Pest Control

A damselfish is serviced by a mated pair of bluestreak cleaner wrasses. Photo by Ned and Anna DeLoach

Bluestreak cleaner wrasses

Like the woods, which host a hidden menagerie of chiggers and ticks, the clear waters bathing tropical reefs teem with cryptic blood-sucking parasites. The ocean’s micropredators — primarily gnathiid isopod larvae — emerge from the seafloor throughout the day, but the greatest number appear at dawn and dusk. Their all-consuming mission is to quickly engorge with the fish blood required to fuel the next metamorphosis in their multistage lives.

To relieve their pervasive infestations, fish (referred to as clients) frequent patches of reefs manned by small species of fish and shrimp that are specifically adapted for dining on the pests. The behavior, known as cleaning, has long been touted as a classic example of symbiotic mutualism, where two species benefit from a close relationship. A growing library of lab and field experiments published during previous decades has revealed, however, that this once clear-cut example of cooperation is actually rife with conflict and high-stakes drama driven by a single overriding dilemma: Given the choice, cleaners prefer to cheat by taking painful nips of delectable mucus, scales and flesh from clients rather than nibbling crunchy crustacean carapaces. This enticing conundrum has lured scientists deep into the abstract realms of market theory, reciprocal altruism and game theory models, including the much-iterated prisoner’s dilemma, in an attempt to better understand the evolutionary origins of cooperation. But most gratifying for divers is that the steady flow of research has begun to unravel the inner workings of a favorite bit of underwater theater.

A bluestreak plucks parasites from the gills of a puffer.

The majority of the studies have involved the bluestreak cleaner wrasse (Labroides dimidiatus), the most ubiquitous cleaner in the Indo-Pacific. These finger-sized fish with bold, contrasting stripes typically occupy cleaning stations in male–female pairs with an occasional juvenile or two consigned to the nearby shadows. Numbers from the Great Barrier Reef are astounding, illustrating the magnitude and significance of the cleaning process to coral ecosystems. Bluestreaks stay busy and can have more than 2,000 client/cleaner interactions each day, consuming around 1,200 parasites in the process. One experiment exploring the effects of cleaners on infestation rates documented a fourfold increase in gnathiids on a caged fish denied the services of cleaners for 12 hours.

Even turtles take time out for an occasional cleaning.

Researchers have learned plenty about the gnathiid larvae as well — most surprisingly, at times it takes as little as 30 minutes for the parasites to draw down a gut full of blood before heading home to molt. Such a rapid turnover helps explain why one rabbitfish was documented visiting a cleaning station 144 times during a single day. Most interactions between cleaners and clients last only seconds, while others continue for minutes. To increase their chance of survival during stopovers at cleaning stations, larvae prefer attaching to the blood-rich lining inside a fish’s mouth or gills, where they can feed fast. But most pests end up wedged beneath scales or clamped to fin rays in easy reach of hungry mouths.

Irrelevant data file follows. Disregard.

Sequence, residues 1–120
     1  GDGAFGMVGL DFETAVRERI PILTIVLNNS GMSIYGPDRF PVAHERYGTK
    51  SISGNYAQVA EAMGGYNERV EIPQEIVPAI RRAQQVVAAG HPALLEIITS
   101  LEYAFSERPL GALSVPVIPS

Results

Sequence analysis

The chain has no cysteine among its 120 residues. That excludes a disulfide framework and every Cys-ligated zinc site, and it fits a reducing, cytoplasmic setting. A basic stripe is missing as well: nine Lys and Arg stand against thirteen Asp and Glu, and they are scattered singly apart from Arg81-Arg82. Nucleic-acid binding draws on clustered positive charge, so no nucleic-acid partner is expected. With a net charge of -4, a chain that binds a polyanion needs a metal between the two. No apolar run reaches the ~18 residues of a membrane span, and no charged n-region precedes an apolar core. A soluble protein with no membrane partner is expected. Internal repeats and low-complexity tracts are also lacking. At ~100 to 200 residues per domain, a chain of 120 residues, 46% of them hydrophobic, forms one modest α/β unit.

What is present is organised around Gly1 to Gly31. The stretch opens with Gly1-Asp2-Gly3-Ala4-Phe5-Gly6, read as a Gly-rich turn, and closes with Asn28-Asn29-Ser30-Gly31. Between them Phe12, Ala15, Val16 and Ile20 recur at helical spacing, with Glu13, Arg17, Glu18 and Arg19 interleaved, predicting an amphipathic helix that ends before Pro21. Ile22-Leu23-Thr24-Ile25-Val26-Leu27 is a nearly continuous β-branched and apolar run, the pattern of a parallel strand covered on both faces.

Over their long relationship, lines of communication have evolved between bluestreaks and clients. Cleaners advertise their enthusiasm to feed with eye-catching dances, while clients strike pronounced head-up or head-down poses with fins spread, mouths open and gill covers flared to announce their interest in being cleaned. At times, species such as grouper and goatfish flush red to better expose the location of the tiny translucent bloodsuckers.

A red filamented flasher is groomed by a juvenile bluestreak.

In market systems where cleaners and clients have the option of cooperating, cheating or defecting, not everyone is treated the same. Even though cleaners enjoy a semblance of immunity from being eaten, bluestreaks obtain an extra layer of protection by applying tactile stimulation across the backs of predatory clients with flurries of fins. The calming strokes, proven to lower stress by raising a fish’s cortisol level has evolved, like intra- and interspecies communication, into an essential tool for balancing social demands such as enticing heavily infested clients to hang around for prolonged inspections.

But most intriguing is that when bluestreaks breach mutualistic etiquette by taking painful bites, customers deal with the outrage in different ways. Large roving species, with ready access to multiple cleaning options, simply take their business elsewhere. On the other hand, small captive customers with no other place to go impulsively chase the greedy parties with punitive nips. It appears that cleaners have good memories and are able to keep 100 clients sorted out in their heads at any given time. When recently duped clients return for service, the offending bluestreaks make sure to bestow generous tactile considerations as tokens of appeasement. This ongoing manipulative interplay keeps souls soothed, parasites picked and everyone in the neighborhood a little more laid back. The study of bluestreak behavior continues. A recent lab experiment using a classic test of self-awareness determined that the remarkable fish are able to recognize themselves in mirrors — the select domain of only a few animals, including us.

© Alert Diver — Q1 2019